Laurence Tribe exits lawsuit, says he regrets his rhetoric

Source: Amanda Reilly, E&E News reporter • Posted: Thursday, August 23, 2018

Legal heavyweight Laurence Tribe is bowing out of the litigation over the Obama administration’s Clean Power Plan.

The Harvard University professor today filed paperwork notifying the U.S. Court of Appeals for the District of Columbia Circuit of his withdrawal.

Tribe made waves in environmental law circles for his legal critiques of the Clean Power Plan, the centerpiece of the Obama administration’s plan to address climate change. A former mentor to Obama at Harvard University, Tribe represented coal company Peabody Energy Corp. in the litigation attacking the 2015 rule in the D.C. Circuit.

He argued on behalf of the company, one of the world’s largest coal producers, that the Obama EPA had overstepped its constitutional bounds in issuing the Clean Power Plan because it gave states no choice but to participate in the program.

Tribe did not respond to a request today for the reasoning behind his withdrawal from the litigation, which is on hold in the D.C. Circuit. But in recent days, he has taken to Twitter to express concern about the Trump administration’s plans for the Obama climate rule.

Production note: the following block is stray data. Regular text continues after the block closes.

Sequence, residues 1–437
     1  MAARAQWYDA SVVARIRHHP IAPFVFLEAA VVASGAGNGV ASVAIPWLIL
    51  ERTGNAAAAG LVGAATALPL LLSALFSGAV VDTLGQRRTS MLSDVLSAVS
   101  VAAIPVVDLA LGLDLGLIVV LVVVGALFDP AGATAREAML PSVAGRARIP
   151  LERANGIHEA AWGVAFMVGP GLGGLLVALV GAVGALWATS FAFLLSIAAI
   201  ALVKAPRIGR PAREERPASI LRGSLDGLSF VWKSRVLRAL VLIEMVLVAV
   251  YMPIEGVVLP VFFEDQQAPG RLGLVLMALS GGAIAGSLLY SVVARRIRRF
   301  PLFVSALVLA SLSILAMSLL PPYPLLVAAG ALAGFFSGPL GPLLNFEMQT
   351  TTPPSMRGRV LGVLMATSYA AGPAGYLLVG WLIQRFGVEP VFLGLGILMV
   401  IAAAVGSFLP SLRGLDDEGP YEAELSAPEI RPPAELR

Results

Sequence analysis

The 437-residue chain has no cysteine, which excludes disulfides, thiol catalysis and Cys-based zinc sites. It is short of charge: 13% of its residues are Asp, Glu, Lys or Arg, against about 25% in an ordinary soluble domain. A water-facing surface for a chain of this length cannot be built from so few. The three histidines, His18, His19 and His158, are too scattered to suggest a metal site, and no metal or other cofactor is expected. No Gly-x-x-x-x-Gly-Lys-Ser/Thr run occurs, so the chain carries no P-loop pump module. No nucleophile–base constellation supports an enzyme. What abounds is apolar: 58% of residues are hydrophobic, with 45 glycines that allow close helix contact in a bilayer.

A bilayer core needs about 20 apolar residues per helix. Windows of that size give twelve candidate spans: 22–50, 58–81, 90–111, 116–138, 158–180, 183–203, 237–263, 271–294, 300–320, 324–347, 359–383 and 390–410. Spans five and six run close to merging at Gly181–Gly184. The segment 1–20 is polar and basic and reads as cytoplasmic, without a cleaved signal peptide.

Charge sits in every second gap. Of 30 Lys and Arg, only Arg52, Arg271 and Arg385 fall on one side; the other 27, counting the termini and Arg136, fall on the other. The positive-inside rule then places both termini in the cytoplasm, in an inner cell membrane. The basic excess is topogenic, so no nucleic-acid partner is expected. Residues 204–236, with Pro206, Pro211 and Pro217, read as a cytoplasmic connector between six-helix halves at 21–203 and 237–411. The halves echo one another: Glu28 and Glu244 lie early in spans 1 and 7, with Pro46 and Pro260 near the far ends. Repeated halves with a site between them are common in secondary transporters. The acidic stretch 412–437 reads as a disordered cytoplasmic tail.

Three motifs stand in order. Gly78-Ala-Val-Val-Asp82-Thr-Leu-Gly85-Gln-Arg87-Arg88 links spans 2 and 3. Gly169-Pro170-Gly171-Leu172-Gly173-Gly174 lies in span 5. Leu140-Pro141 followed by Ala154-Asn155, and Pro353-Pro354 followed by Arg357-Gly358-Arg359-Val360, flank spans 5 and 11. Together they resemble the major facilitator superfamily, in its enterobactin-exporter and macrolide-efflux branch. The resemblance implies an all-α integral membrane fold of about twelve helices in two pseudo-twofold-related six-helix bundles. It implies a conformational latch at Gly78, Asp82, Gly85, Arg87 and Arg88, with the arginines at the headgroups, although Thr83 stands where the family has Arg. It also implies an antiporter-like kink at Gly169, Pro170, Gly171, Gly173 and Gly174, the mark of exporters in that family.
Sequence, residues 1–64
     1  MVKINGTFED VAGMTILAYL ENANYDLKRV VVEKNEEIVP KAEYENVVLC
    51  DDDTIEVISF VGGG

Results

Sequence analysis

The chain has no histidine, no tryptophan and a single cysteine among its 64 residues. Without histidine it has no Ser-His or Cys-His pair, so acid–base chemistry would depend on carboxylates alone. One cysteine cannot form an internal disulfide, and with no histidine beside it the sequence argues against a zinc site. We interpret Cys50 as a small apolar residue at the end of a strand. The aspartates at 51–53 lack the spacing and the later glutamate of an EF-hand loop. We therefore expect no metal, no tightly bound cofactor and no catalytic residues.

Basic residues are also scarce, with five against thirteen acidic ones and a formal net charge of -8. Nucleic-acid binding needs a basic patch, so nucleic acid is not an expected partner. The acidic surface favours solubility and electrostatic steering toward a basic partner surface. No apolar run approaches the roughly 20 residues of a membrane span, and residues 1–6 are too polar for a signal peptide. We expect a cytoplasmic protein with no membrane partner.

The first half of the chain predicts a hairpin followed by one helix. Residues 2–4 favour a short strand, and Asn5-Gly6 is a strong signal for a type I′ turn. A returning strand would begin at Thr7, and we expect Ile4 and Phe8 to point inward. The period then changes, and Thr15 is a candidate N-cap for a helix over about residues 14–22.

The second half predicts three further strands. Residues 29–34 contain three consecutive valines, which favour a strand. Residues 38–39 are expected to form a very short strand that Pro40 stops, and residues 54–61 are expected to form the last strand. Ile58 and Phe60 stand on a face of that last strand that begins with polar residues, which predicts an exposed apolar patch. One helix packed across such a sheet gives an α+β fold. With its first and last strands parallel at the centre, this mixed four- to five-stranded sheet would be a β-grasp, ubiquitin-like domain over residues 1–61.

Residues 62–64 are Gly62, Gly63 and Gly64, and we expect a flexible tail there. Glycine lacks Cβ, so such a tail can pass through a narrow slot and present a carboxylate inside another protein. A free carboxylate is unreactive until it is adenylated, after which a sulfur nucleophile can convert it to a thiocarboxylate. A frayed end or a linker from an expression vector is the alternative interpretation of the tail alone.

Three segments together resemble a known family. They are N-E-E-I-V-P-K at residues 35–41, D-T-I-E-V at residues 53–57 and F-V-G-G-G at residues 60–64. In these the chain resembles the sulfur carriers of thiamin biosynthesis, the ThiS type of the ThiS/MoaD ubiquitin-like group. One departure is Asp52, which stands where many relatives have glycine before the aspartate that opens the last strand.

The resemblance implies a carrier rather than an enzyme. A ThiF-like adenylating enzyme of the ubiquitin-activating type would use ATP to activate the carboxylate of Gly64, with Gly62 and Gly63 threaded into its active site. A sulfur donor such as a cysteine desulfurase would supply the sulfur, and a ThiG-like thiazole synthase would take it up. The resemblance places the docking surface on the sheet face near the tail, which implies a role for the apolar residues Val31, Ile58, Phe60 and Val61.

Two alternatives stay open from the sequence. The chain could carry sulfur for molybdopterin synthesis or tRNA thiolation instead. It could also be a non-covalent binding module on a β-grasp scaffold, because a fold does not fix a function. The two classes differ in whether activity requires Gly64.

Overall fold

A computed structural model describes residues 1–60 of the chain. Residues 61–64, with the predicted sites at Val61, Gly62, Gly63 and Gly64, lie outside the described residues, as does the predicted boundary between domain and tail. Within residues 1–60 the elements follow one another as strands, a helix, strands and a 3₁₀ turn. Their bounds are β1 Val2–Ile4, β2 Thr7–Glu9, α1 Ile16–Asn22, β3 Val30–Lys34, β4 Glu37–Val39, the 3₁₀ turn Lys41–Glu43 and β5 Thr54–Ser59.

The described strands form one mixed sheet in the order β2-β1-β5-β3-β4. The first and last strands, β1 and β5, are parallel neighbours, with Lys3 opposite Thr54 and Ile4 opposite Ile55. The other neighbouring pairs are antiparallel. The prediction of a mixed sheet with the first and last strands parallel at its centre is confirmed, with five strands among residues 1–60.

Yesterday, EPA formally rolled out a proposal to replace the Clean Power Plan — which envisioned cuts to carbon dioxide emissions across the power sector — with a version that focuses on efficiency improvements at individual coal-fired power plants (Greenwire, Aug. 21).

“I opposed the way the Obama Clean Power Plan exceeded EPA’s delegated authority but strongly favored what Obama was trying to do about global warming,” Tribe tweeted on Aug. 19. “What Trump is trying to do with power plants, in contrast, is indefensible. There is no Planet B.

“Not only are Trump’s environmental policy goals indefensible; his disregard of legal requirements for regulatory change is staggering,” Tribe continued.

He also said he’s sorry that he accused Obama of “burning the Constitution” in 2015 remarks at a hearing in the House Energy and Commerce Committee on the Clean Power Plan (Greenwire, March 17, 2015).

“I regret that rhetoric,” Tribe said in response to another Twitter user’s question about that comment.

Two other attorneys who represented Peabody in the Clean Power Plan lawsuit, Tristan Duncan and Thomas Grever, also withdrew today.